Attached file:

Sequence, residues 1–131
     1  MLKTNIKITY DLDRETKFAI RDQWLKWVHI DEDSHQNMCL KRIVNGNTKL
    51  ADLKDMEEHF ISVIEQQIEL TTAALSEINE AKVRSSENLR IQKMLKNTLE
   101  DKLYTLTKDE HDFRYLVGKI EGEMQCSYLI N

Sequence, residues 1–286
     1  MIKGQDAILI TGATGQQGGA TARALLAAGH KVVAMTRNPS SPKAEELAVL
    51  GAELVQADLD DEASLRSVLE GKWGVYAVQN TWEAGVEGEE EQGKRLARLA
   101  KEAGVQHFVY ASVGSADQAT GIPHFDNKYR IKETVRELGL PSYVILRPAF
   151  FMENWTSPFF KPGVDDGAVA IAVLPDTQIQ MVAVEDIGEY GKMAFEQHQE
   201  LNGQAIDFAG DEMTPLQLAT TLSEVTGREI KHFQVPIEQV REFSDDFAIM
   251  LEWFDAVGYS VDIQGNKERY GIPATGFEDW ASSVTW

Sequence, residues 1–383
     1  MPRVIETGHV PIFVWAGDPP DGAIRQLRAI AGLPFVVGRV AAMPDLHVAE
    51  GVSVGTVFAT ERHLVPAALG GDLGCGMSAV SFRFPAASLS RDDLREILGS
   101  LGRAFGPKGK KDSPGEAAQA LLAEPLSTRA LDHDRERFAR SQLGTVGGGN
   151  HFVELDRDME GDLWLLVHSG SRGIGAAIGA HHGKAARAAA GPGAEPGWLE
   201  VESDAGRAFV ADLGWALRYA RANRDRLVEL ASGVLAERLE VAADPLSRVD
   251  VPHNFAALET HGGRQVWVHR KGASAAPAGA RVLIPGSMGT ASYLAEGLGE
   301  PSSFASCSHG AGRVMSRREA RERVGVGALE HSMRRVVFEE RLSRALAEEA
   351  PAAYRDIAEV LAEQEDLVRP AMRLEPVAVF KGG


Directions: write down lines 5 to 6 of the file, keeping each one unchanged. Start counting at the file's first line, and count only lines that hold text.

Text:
Sequence, residues 1–286
     1  MIKGQDAILI TGATGQQGGA TARALLAAGH KVVAMTRNPS SPKAEELAVL